Organisations are emphasising on testing AQ rather than just EQ and IQ
By Vidya Hattangadi
The meaning of the word ‘adverse’ is a hostile or critical situation. We all face some or the other adversities in life; it’s only during adversities that one really comes to know who are friends and well-wishers. Like IQ (intelligence quotient), EQ (emotional quotient) and SQ (spiritual quotient), there is an AQ (adversity quotient), which is a score that measures the ability of a person to deal with adversities in his or her life. One needs to increase resilience to overcome adversities in life.
The term AQ was coined by Paul Stoltz in 1997 in his book ‘Adversity Quotient: Turning Obstacles into Opportunities’. To quantify AQ, Stoltz developed an assessment method called the Adversity Response Profile (ARP). AQ is one of the possible indicators of a person’s success in life and is also primarily useful to predict attitude, mental stress, perseverance, longevity, learning and style of responding to changes in environment.
There are umpteen examples of people who fought adversities and have become successful. The richest person in the world couldn’t make any money at first. Do you know that Bill Gates’ first company, Traf-O-Data (a device that could read traffic tapes and process the data), failed miserably? When Gates and his partner Paul Allen tried to sell it, the product wouldn’t even work. Gates and Allen didn’t let that stop them from trying again to fix the problem. Traf-O-Data helped them prepare Microsoft’s first product a couple of years later.
In 2000, when the world was celebrating the new century, Amitabh Bachchan was feeling disastrous because he had no films, no money, no company (ABCL), a million legal cases against him, and the tax authorities had put up a notice of recovery on his house. The mega star was then in his late 50s. Yash Chopra offered him a role in his film Mohabbatein. It was this time when Bachchan got a huge break through Kaun Banega Crorepati. It propelled him into national stardom and helped in the reversal of his fortunes. In my opinion, nobody can match Bachchan on KBC.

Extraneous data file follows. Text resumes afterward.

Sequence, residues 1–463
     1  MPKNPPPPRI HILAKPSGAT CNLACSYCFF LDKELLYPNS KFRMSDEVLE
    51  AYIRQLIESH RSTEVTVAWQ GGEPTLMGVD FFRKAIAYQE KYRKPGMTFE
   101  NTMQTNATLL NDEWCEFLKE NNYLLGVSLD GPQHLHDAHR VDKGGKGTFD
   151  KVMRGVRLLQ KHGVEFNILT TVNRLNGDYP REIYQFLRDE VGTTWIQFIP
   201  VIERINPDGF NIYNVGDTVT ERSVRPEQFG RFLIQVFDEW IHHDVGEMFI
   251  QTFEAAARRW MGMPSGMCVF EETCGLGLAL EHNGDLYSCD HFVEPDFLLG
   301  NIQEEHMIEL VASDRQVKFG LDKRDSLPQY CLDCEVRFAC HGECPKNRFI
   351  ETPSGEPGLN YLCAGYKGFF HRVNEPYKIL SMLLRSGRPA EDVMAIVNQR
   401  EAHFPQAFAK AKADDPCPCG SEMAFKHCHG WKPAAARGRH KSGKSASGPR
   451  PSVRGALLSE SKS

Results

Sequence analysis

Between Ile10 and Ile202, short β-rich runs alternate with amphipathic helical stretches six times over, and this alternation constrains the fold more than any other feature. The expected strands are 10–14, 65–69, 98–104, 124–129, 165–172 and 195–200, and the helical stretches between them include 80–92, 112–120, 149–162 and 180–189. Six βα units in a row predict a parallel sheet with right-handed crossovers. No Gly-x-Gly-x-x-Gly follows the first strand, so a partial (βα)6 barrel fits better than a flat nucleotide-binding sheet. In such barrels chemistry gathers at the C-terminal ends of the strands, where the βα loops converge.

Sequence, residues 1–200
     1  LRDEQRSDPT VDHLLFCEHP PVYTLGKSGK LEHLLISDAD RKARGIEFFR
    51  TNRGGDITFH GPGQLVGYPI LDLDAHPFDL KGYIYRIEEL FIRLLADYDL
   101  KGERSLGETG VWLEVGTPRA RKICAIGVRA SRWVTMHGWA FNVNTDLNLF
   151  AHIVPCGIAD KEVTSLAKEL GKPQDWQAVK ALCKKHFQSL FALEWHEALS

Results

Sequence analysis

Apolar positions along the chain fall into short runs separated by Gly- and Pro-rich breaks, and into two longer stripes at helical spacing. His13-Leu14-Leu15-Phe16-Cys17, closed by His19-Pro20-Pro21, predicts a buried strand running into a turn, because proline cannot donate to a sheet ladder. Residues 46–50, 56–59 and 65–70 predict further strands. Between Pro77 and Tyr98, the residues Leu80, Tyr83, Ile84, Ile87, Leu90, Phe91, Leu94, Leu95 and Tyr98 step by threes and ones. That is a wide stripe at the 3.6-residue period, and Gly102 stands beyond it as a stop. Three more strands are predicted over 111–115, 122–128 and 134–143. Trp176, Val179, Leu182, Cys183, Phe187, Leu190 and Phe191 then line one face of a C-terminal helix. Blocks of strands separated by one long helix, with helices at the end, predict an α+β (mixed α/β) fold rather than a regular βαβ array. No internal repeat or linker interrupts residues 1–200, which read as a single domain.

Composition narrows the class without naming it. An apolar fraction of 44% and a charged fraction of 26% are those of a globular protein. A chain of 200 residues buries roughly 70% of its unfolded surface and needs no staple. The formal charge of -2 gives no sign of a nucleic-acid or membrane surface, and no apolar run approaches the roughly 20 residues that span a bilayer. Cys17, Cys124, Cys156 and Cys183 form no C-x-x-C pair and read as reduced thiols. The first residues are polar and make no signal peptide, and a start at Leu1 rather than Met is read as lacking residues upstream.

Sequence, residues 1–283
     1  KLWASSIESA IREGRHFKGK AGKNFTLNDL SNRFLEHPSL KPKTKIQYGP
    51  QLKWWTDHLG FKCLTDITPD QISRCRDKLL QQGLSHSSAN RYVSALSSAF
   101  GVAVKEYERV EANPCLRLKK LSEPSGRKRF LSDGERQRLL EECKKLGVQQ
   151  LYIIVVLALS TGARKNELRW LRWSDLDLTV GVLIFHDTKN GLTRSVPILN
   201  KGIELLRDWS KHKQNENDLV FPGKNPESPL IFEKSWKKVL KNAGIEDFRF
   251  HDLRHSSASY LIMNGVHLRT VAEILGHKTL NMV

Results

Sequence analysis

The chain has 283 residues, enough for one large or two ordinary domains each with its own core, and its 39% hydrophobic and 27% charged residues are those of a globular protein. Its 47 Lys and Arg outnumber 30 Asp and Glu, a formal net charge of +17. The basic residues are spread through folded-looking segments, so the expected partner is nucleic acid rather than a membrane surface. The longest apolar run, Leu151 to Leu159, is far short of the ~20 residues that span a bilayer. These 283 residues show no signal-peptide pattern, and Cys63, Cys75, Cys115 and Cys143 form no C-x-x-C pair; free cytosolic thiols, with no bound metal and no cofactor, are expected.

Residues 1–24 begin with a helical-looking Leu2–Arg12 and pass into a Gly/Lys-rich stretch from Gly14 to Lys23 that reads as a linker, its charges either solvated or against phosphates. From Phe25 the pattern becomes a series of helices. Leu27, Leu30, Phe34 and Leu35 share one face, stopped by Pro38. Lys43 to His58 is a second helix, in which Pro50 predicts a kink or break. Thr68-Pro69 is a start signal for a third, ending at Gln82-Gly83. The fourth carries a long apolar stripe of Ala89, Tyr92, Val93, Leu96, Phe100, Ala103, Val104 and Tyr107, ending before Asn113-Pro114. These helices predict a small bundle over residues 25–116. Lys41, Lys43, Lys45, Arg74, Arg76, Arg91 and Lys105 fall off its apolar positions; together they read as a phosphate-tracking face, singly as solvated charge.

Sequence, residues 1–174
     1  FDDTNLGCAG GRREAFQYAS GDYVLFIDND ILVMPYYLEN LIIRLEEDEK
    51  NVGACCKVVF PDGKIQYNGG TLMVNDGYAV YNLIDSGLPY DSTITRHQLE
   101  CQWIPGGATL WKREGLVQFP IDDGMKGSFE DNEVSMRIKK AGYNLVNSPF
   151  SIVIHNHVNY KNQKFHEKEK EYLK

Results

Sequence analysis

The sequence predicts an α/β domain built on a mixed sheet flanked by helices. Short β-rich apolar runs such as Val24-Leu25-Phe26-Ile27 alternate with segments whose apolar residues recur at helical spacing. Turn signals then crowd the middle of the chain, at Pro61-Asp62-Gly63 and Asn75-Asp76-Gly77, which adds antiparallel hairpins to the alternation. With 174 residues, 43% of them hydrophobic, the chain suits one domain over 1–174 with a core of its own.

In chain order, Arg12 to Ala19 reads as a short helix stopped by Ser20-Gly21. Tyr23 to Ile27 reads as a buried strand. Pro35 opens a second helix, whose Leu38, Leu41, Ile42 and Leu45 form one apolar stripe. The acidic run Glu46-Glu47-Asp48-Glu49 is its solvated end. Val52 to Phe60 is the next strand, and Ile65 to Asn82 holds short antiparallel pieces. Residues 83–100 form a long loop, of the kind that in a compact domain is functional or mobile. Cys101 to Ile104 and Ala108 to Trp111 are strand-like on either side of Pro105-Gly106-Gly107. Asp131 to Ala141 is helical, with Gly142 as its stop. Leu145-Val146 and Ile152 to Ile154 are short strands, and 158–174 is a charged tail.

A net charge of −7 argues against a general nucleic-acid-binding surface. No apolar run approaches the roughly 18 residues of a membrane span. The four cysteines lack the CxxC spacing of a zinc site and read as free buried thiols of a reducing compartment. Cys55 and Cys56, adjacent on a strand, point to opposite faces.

AQ is the key determinant of success and winning in a person’s life. This does not mean that EQ and IQ are irrelevant; resilience in the face of stressful situations and in a world of rapid changes determines success in life. At workplace, in business, in personal life when one faces difficulties yet fights out the problem courageously and moves ahead is a person with a good AQ. Such a person is the real hero. There is a magic that comes when one is strong enough to identify a goal and move steadily towards it, while also being flexible enough to pick oneself off the ground when obscurities come in way.
It does not matter whether you are an entrepreneur, a musician, a home maker, a student, a clerk, a CEO or a plain Jane, rising to the occasion, especially during the times of difficulty, should be included into the mentality of those who desire growth, development and success. It’s effortless to remain stagnant when you are not happy, but it takes strong character to utilise how a transitional phase can work for you.
I don’t know the exact number of attempts and failures Thomas Alva Edison had before he created the light bulb; it is debated that he failed 10,000 times. But what a great man Edison was. His response to his repeated failures was: “I have not failed. I’ve just found 10,000 ways that won’t work.”
Across the world, organisations are emphasising on testing AQ rather than just EQ and IQ. It can be difficult to test AQ, as seeing how people think and behave under pressure is not easy to simulate in an interview context. However, it is possible to screen a ‘fair-weather employee’ from the resume; also, you can screen a hard-working employee; whether an employee can adapt to change easily or not; whether a person can cope when things get challenging at work; whether somebody is capable of taking more responsibility, or asked to do something he/she has never done before.
Look for resilience in the CV: Organisations must avoid individuals who tend to be easily discouraged when confronted with even minimal adversity. Such people will infect and weaken others in a team. They will kill the overall morale and culture. On the contrary, candidates who stuck out a job in dire circumstances even though the business subsequently closed deserve consideration. Often, such people exhibit greater depth and breadth of work experience because they have been the last persons standing and have worn many hats.
Rewards: Usually, incentive structures reward contribution primarily on an origin basis. The risk with a very simplistic appraisal model is it doesn’t work—it may fail to reward someone demonstrating high AQ because often such employees fail to project their hard work as they get lost in solving problems or finding solutions to a sticky snag; it has been observed that people, who are committed, do not run after getting rewarded for their work.
Appreciation: Members of the team who demonstrate the highest AQ and deliver results, all other things being equal, should be promoted to leadership positions in the organisation. Often, these team members will be the ones who are also the most productive and get things done as they are less prone to distraction or dissuasion by adverse circumstances surrounding them. A worker who is engrossed in his work, and is busy fixing some problem, will not have time to gossip.
Conclusion: Adversity is the state in which a man most easily becomes acquainted with himself.